Common Print Security Threats To Watch Out For
Think about how many secure documents pass through the printers in your business. Without sound safety measures in place, you could be putting your company and clients at risk.
Below, we’ll review the top five risks printers can bring to the workplace, and we’ll give some helpful tips about how to make sure you’re protected.
1. Document theft or snooping
Let’s start with the most basic threat to privacy when it comes to printers—document theft or snooping. In a busy office environment, it’s easy for employees to forget when they’ve printed something or leave a document on the glass of their printer. Beyond this, if your company uses special paper to print sensitive documents (prescription paper, for example), the unprinted paper in the tray could pose a risk.
How to prevent the issue: Printers should be physically located in a secure place—a private room or area where they can be locked away is a good start, but otherwise be sure that they are near someone trustworthy who can keep an eye on people who use the machine.
The hardware you use can also help you keep prying eyes at bay. For example, some printers come with tray locks that require a physical key to open them, limiting the number of people who can access sensitive papers. Other print solutions, like these offered by HP, will only allow a person to pick up a document from a specified printer if they have an access code or security badge.
2. Unauthorised changes to printer settings
Printers are complex pieces of technology, with a range of settings that allow businesses to customise them to their needs. Many of these settings are tied directly to security.
When set up properly, settings can go a long way to protecting sensitive data. However, tampering with these settings can expose the machines to security breaches. Whether these settings are altered accidentally by an employee or intentionally by a malicious actor, unauthorised changes can be a big problem.
How to solve the issue: First and foremost, let a professional put the settings in place when you install a new machine. This may be someone from your IT department, or a professional who works for the printer hardware provider. Most sophisticated printers can require authentication codes in order to make any changes to settings.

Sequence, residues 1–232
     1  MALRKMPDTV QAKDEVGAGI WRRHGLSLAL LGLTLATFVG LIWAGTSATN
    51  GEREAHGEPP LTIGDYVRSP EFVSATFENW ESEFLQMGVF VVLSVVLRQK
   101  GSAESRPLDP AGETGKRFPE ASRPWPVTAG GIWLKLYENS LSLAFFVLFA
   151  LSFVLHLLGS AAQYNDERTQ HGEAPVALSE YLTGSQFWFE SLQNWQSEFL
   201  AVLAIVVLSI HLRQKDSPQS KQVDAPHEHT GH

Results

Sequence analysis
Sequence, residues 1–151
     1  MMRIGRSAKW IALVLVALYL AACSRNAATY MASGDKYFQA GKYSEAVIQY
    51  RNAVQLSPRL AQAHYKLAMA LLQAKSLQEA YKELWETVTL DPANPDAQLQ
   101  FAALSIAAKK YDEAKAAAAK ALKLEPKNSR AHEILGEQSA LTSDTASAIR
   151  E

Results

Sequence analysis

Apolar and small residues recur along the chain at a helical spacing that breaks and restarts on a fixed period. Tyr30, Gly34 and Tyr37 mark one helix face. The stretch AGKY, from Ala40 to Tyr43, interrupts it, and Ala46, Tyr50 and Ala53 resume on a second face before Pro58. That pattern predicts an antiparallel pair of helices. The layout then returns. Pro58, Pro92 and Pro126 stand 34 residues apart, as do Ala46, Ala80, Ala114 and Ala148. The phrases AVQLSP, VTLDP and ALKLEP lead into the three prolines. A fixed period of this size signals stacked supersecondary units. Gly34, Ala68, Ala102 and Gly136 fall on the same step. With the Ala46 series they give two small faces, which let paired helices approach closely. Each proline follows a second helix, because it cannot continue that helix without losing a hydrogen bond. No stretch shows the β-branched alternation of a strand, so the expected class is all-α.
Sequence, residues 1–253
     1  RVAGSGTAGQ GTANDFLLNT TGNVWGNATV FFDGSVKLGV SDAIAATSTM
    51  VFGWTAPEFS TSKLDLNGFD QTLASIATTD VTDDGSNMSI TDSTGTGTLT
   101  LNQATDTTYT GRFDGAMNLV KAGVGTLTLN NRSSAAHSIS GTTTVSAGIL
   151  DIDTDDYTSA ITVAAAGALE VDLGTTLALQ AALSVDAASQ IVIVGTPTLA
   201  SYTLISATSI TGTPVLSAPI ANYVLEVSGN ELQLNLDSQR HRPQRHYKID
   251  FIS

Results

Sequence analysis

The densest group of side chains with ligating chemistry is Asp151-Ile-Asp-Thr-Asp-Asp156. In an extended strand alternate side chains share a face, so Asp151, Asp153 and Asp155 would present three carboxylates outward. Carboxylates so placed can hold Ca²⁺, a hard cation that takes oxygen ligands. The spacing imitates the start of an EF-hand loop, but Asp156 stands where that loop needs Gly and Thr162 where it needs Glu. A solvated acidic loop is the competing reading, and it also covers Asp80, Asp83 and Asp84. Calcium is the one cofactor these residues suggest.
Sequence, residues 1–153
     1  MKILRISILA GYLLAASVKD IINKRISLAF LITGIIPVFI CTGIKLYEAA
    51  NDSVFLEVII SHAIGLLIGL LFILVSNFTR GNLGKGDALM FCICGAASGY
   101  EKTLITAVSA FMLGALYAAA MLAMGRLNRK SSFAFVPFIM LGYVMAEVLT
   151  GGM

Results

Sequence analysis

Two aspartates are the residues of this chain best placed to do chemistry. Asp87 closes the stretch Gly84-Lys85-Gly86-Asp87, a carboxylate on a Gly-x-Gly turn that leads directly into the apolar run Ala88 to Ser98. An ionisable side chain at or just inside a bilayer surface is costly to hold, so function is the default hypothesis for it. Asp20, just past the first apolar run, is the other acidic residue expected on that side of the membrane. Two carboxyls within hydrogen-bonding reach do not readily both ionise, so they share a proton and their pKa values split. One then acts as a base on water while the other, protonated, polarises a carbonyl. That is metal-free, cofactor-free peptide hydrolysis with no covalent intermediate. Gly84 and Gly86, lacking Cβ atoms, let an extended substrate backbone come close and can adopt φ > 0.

3. Saved copies on an internal storage drive
Have you ever wondered what happens to a document after it’s been printed or scanned? You may think that once the print-out is collected the data is deleted—but you’d be wrong. Many printers store copies of documents internally. This means that even after an employee collects their items, the data on said documents is still vulnerable if the machine is accessed by a malicious party.
How to solve the issue: If you need to store your information internally on the printer, then it’s vital to have processes in place to make sure the data is secured and routinely cleaned out. A better solution, however, is to use secure pull printing; this process allows data to be stored on a secure network in the cloud or on a personal computer, rather than on the printer itself. If you don’t need the data that’s being stored, consider enlisting a service that allows for remote erasing (meaning you will be 100% certain the data is gone).
4. Sniffing network printer traffic
When employees are sending documents from a computer or mobile device to the print hardware, they may be putting their data at risk while it’s in transit. Hackers who have gained access to a network via malware may be able to exploit these documents, downloading them to their own device or server. This technique, known as sniffing, can lead to data leaks and other security risks.
How to solve the issue: Encryption, encryption, encryption! It’s important you encrypt all data, both while it’s in transit and wherever you choose to store it once it’s arrived at its destination (in this case, a printer). You can also use programs like HP Jet Advantage to make it easy for employees to print securely via mobile devices, even when they’re not at the office.
5. Printer hacking via the network
In a similar vein to network sniffing, bad actors can access secure data by hacking your printer itself. They can do this by installing malware on your company’s network. If that network is connected to the printing hardware, then voila—they’ve now got access to all of the data passes through that printer. They can even potentially use the printer to remotely print or copy documents. In other words, this can be a big threat to your company security.
How to solve the issue: First and foremost, you should be sure your employees have training around recognizing hacking attempts like email phishing. On top of that, you need to have professionals who are regularly monitoring your print hardware for security vulnerabilities. Many printers have built-in software that also scans for security threats and issues regularly, which can give you the peace of mind you need in the workplace.
If you aren’t sure whether your print environment is secure, now is the time to get in touch with CSG’s print professionals. We can assess any vulnerabilities and put strong measures in place. Through our range of HP solutions, we offer some of the most secure printing technology on the market—so get in touch today to get your systems where they need to be.